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Archive for the ‘Learning to Cope’ Category

I can’t breathe.

Is there anything heavier or sharper than grief?

If this was a movie, I’d be slumped on my side having just been run through with a sword. No, it won’t kill me, but to deny that death more than stings for those of us left behind would be an atrocious lie. Papercuts sting. This is so much more.

Talk of heaven doesn’t comfort me. I don’t want hope right now. I want to press into this moment of terrible otherness – the rending of life. Don’t talk to me about her reunion with Jesus or the promise of being with her again someday. Those thoughts will come in the days ahead. Today let me mourn and don’t try to stem the torrential tears. Just hold me close and let me be.

Twelve days ago, one of my “mothers” chose her ending – to enter hospice care at home with her precious family by her side. She’d been battling cancer and the treatments didn’t work. Last night, she took her last breath.

Avon

I stole this from her Facebook page. I love her mischievous grin.

Avon Shields, known by thousands of women around the world as “Momavon,” was my dorm mom in college. She has been one of the most influential women in my life. I could write volumes about the lessons I learned from her, but I’ve tried my best to live them out instead. The way she loved the girls in her care made me want to be a mom even though I swore to her that wasn’t part of my plan. She just laughed and hugged me tight, “Oh Niki, my sweet girl, you may change your mind one day.”

Three weeks after my eighteenth birthday, I packed everything I own and waited for my friend Erin Beske and her parents to take me away to my new life, one I’d been dreaming about since the seventh grade when I first stepped foot on the campus of York College in York, Nebraska. Finally, and against the odds, I said goodbye to my childhood in Wisconsin and swore I’d never call it my home again. Yes, I’m a bit dramatic like that, and apparently I swear a lot.

There were only two women’s dorms and I was assigned to the one Avon lived in. Someday I’ll write about the many kindnesses and miracles of that life-altering first year, but this is about me and Avon. She told me once she loved me from the moment we met. That strong, patient woman poured love and guidance into me, a broken girl with too many holes in my bucket, and when I apologized for being so needy, she pulled me close and said that was nonsense.

She saw the leader in me and gave me responsibilities, showing me I was capable. When we joked and teased her about her many rules and forms, I was secretly relieved at the structure and stability she provided after growing up in my chaotic family. I’m totally a rule bender, but I needed her to help me set my life on a better course. I think we both knew it. A lot of the major decisions I made at York were discussed over tea in her apartment. She talked me through all the things my mother couldn’t, and I’ll be forever grateful. When she did finally meet my mother, she was kind and gracious to her, which was also a gift to me.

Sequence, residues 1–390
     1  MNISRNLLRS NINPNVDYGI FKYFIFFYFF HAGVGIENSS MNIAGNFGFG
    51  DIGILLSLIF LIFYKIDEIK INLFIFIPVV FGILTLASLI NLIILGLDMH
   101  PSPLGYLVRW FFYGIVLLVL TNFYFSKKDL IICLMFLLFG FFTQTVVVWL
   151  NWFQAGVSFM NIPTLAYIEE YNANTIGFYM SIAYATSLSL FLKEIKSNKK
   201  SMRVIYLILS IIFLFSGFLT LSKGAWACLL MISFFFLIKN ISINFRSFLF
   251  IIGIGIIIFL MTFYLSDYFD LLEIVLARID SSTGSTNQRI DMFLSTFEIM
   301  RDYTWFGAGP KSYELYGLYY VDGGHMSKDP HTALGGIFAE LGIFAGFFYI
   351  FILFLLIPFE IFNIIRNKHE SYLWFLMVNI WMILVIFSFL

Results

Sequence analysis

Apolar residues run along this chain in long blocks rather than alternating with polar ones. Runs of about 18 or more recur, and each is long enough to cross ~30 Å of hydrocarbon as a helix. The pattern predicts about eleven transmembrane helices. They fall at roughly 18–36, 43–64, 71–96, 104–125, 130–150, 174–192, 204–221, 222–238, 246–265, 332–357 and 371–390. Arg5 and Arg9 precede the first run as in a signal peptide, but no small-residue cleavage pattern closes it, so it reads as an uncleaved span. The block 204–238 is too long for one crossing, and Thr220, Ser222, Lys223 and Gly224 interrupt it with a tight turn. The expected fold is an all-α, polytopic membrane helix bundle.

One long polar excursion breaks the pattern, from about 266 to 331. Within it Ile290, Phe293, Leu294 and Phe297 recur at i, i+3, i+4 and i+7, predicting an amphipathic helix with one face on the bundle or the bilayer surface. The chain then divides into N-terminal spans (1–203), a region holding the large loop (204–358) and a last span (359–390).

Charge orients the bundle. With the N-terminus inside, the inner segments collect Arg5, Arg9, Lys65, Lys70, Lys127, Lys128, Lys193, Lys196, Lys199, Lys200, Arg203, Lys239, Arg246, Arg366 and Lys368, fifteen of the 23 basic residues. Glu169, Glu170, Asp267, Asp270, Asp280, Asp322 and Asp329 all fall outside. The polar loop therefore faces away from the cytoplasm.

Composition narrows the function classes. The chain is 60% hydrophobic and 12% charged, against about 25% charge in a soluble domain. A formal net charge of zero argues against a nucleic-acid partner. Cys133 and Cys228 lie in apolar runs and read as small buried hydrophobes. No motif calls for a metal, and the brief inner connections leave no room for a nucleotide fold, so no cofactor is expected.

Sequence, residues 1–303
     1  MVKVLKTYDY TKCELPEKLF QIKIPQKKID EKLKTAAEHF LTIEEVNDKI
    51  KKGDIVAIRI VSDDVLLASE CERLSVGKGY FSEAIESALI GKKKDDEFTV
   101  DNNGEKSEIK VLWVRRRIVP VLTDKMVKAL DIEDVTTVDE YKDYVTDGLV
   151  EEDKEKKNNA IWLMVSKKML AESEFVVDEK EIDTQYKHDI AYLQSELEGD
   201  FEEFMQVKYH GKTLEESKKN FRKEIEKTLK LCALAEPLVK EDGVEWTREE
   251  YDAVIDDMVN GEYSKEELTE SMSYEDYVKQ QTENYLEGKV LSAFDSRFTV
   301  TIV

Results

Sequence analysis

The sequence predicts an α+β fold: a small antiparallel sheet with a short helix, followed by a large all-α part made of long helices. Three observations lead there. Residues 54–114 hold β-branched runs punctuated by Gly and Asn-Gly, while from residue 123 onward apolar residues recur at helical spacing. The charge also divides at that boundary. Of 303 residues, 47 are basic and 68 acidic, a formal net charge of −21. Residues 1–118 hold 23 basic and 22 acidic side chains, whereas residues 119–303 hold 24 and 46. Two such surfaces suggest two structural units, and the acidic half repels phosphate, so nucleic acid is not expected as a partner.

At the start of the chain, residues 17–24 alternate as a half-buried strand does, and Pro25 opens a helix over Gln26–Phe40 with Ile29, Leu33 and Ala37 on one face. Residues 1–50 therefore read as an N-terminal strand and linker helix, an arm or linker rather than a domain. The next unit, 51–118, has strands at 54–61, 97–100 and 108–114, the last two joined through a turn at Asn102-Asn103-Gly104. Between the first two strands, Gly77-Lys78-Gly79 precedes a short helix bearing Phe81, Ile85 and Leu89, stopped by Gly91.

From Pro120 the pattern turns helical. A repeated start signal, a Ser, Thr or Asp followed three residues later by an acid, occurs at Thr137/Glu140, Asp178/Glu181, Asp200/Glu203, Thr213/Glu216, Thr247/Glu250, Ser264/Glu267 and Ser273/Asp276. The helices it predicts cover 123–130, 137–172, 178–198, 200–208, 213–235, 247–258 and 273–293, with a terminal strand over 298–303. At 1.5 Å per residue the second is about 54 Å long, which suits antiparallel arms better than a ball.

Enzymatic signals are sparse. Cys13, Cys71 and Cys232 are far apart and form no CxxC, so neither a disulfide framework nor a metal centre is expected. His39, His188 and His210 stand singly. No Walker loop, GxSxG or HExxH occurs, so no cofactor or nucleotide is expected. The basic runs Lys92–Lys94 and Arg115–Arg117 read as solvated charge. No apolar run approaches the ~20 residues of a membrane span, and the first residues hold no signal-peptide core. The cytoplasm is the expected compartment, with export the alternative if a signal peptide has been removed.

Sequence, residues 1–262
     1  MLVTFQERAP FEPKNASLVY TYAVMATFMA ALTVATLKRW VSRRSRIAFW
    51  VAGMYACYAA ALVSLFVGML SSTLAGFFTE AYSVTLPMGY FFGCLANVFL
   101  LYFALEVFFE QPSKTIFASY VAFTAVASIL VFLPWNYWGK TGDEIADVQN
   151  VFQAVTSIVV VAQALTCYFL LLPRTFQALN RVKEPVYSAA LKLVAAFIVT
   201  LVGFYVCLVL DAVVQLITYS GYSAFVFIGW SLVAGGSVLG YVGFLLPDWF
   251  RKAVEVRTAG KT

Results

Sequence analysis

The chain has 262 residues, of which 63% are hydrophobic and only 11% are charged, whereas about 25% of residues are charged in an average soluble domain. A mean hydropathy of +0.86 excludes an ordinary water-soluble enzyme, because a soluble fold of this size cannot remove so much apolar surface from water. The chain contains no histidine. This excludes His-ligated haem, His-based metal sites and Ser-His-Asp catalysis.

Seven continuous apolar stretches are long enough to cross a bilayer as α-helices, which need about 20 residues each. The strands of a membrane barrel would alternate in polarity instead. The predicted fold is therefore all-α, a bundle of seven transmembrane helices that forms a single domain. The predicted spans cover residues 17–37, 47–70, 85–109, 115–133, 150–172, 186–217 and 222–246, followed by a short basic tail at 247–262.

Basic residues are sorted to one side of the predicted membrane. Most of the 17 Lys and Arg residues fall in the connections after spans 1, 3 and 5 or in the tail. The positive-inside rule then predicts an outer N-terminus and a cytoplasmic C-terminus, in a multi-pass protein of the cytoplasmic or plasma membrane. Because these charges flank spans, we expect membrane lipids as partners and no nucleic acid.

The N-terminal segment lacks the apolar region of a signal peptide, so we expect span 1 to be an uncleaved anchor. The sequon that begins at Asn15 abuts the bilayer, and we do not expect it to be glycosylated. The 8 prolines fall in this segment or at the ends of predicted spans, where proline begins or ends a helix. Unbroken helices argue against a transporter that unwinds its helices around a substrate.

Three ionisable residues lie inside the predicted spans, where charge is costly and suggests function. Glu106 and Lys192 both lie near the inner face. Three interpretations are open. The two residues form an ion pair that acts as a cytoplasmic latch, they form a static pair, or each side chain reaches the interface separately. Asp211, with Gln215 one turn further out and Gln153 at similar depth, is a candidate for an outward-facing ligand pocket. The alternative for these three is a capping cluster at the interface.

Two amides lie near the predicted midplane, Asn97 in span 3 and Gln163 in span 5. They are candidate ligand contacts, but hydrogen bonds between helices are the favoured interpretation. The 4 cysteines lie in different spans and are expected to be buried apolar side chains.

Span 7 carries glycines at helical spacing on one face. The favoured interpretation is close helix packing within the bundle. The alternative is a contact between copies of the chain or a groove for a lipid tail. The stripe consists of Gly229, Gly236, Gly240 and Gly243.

Avon loved Benny. She loved to remind me that she knew he was the one I’d choose maybe even before I knew myself. It’s been many years since we’ve sat together with a cup of tea, and I’m glad we had Facebook to help us peek into each other’s lives. I’m thankful for the brief moments we’ve shared in the 25 years since we lived in the same space. There are so many stories to tell, and all of them are coursing through me today with a painful and beautiful cadence.

I love Avon’s family and ache for them right now. Her husband Ron is a kind and funny man. I don’t know their eldest son Alan, though we’ve met. I’ve always admired Lynnette and her beautiful artist’s soul. I know her son Paul the best as he was my editor when I worked on the school newspaper staff in college, and his wife Shalee is one of my kindred spirit friends I wish lived next door. I can’t be with them this week, but my aching heart is there, attempting this dance of grief and celebration with clumsy feet.

When we lose someone we love, we often choose to immortalize them as their best selves. We know they were flawed but we overlook those things to remember them as the heroes they were in our lives. I’m okay with that. I think it’s the way it should be. It’s what I hope for someday too, to be remembered as the best of what and who I was.